Haringey’s director of children’s services Sharon Shoesmith has been removed from her post following a “devastating” inspection report.
Children’s secretary Ed Balls announced the move today as he responded to the findings of the joint area review commissioned after the Baby P case.
The review by Oftsed and police and health inspectorates criticised “poor” child protection practices and concluded there had been “insufficient” management oversight by Shoesmith and the council’s chief executive.
John Coughlan, Hampshire’s director of children’s services, who was seconded to the council following the Baby P case, will replace Shoesmith until the end of this month.
Balls said he would personally appoint a new director of children’s services to take over from January 1. Both Coughlan and the new director will be asked to produce monthly reports.
Inspectors found the safeguarding of children and young people in Haringey was “inadequate” and in need of “urgent and sustained attention.”
Haringey’s own serious case review into Baby P was also found to be “inadequate”, leading Balls to respond by ordering a new serious case review immediately.
The children’s secretary also appointed former Kent director of children’s services Graham Badman to take over as chair of Haringey’s local safeguarding children board, which was previously headed by Shoesmith. Balls said the new SCR should be submitted to Ofsted by February.
Other key failings included:
- a failure to identify those children and young people at immediate risk of harm and to act on evidence
- agencies generally working in isolation from one another and without any effective co-ordination
- poor gathering, recording and sharing of information
- inconsistent quality of front-line practice and insufficient evidence of supervision by senior management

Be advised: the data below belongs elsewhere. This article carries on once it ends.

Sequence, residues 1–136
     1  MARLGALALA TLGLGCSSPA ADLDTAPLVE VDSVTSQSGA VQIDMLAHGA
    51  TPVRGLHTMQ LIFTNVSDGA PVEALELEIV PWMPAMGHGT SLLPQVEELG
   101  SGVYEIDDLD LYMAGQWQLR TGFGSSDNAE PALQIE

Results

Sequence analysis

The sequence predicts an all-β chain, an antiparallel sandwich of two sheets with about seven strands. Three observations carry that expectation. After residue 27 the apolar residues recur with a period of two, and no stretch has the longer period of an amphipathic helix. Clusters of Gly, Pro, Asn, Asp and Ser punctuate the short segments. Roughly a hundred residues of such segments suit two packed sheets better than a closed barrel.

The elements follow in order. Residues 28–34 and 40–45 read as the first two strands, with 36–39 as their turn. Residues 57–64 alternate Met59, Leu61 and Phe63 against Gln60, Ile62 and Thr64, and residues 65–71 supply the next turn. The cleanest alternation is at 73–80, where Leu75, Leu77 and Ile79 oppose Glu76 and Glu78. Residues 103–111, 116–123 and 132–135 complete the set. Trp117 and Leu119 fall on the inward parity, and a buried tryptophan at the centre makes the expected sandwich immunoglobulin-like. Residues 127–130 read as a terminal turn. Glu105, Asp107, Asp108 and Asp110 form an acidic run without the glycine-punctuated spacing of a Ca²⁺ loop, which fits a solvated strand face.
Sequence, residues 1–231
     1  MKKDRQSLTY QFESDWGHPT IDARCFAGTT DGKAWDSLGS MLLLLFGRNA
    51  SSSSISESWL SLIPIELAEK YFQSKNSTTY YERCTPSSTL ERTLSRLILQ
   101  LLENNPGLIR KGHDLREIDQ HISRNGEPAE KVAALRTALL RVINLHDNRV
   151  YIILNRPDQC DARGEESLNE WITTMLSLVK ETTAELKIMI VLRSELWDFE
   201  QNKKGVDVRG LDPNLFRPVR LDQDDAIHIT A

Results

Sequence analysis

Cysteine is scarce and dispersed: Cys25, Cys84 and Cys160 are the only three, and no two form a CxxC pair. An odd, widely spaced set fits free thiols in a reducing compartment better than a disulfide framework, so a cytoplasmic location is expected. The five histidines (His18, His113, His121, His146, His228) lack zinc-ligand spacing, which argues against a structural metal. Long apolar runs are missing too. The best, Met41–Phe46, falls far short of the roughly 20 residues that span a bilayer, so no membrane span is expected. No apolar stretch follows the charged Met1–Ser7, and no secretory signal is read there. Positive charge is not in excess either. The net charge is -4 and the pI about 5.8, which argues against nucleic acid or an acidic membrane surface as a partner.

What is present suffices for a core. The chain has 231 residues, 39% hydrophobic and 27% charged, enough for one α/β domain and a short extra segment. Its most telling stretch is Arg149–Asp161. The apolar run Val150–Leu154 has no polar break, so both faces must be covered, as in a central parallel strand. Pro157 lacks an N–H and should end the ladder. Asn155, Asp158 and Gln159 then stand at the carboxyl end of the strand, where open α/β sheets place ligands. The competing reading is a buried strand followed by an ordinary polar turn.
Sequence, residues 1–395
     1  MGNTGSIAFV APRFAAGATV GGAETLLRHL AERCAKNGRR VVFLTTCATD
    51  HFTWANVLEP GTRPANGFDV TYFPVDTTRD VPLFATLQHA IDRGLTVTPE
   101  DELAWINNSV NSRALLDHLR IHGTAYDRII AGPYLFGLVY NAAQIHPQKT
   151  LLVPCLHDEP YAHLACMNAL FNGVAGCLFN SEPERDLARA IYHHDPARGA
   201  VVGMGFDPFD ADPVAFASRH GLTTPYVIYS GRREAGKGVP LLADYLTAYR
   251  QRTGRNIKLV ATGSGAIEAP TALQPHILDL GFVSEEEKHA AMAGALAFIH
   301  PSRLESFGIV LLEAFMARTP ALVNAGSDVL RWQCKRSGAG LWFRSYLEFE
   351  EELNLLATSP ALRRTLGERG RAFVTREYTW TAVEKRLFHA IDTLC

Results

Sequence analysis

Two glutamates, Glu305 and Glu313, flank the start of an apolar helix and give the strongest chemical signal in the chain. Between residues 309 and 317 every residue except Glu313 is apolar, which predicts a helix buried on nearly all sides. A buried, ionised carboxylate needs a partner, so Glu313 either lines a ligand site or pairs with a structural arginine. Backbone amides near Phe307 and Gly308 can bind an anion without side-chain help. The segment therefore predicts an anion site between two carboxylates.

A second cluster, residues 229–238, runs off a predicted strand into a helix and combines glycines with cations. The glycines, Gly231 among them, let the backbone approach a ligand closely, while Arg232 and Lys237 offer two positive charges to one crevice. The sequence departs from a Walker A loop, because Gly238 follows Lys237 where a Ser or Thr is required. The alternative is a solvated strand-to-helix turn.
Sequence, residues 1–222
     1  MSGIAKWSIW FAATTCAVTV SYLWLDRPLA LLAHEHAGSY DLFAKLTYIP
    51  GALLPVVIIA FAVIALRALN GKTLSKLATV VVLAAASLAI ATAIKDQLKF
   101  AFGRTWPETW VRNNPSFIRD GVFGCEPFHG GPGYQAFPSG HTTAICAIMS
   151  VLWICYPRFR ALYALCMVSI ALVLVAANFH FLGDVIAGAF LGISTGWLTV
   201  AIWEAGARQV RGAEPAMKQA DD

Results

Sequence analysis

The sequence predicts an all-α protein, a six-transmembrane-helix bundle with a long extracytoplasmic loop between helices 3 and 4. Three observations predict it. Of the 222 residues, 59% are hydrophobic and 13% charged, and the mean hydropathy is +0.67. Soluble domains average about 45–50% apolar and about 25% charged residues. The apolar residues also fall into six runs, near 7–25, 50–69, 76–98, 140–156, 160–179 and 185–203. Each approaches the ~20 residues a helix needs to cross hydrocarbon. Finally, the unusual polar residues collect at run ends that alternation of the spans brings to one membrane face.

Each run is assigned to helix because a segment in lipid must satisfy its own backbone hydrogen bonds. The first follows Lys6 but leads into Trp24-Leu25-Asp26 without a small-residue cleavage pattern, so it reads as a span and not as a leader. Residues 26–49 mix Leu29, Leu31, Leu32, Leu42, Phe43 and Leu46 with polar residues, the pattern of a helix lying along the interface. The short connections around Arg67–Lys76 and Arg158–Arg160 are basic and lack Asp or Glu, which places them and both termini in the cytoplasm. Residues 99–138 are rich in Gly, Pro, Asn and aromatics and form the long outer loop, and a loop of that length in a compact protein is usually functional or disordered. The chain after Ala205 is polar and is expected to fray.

- insufficient challenge by the local safeguarding children board to its members and also to front-line staff
- an overdependence on performance data, which was not always accurate
- poor child protection plans
Balls also confirmed that the Healthcare Commission would be asked to review whether national child protection standards were being applied “as vigorously as they should be.” NHS organisations will also review their child protection arrangements.
Balls said today that while Ofsted’s chief inspector had concluded Haringey’s failings were “exceptional”, there was “no reason for complacency.”
He said that an interim report of Lord Laming’s review of child protection, commissioned after the Baby P trial, had recommended independent chairing of all serious case reviews.
In response, Balls announced that each local safeguarding children board responsible for a serious case review judged to be inadequate would be asked to reconsider the review with an independent person.
The same process will also be used for any future serious case reviews that Ofsted judges to be inadequate.
Balls said he had today written to all directors and lead members of children’s services enclosing a copy of the Haringey inspection report “to ensure that they are examining their own safeguarding arrangements.”
But Balls ruled out a public inquiry into Haringey’s children’s services. He said he agreed with Laming’s judgement that a probe would “divert effort from the actions now needed to keep children in Haringey safe”.
Balls said the whole nation had been “shocked and moved by the tragic and horrific death of Baby P.”
He added: “We will not rest until we have the very best child protection arrangements in place in Haringey and across our country.”